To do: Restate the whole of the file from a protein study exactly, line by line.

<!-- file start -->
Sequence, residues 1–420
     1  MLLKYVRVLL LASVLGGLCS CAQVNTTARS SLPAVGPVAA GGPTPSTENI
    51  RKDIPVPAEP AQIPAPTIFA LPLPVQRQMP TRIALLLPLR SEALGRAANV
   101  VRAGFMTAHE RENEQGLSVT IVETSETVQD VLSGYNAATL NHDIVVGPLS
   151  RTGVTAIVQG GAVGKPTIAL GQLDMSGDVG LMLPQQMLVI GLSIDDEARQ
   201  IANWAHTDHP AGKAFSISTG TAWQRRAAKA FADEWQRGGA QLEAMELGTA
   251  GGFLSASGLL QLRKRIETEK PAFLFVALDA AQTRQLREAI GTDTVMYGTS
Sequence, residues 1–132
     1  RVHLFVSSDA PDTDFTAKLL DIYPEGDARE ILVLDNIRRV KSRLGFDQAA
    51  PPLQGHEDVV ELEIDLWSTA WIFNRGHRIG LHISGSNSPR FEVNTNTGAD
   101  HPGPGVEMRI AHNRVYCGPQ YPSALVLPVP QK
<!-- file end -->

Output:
Sequence, residues 1–420
     1  MLLKYVRVLL LASVLGGLCS CAQVNTTARS SLPAVGPVAA GGPTPSTENI
    51  RKDIPVPAEP AQIPAPTIFA LPLPVQRQMP TRIALLLPLR SEALGRAANV
   101  VRAGFMTAHE RENEQGLSVT IVETSETVQD VLSGYNAATL NHDIVVGPLS
   151  RTGVTAIVQG GAVGKPTIAL GQLDMSGDVG LMLPQQMLVI GLSIDDEARQ
   201  IANWAHTDHP AGKAFSISTG TAWQRRAAKA FADEWQRGGA QLEAMELGTA
   251  GGFLSASGLL QLRKRIETEK PAFLFVALDA AQTRQLREAI GTDTVMYGTS
Sequence, residues 1–132
     1  RVHLFVSSDA PDTDFTAKLL DIYPEGDARE ILVLDNIRRV KSRLGFDQAA
    51  PPLQGHEDVV ELEIDLWSTA WIFNRGHRIG LHISGSNSPR FEVNTNTGAD
   101  HPGPGVEMRI AHNRVYCGPQ YPSALVLPVP QK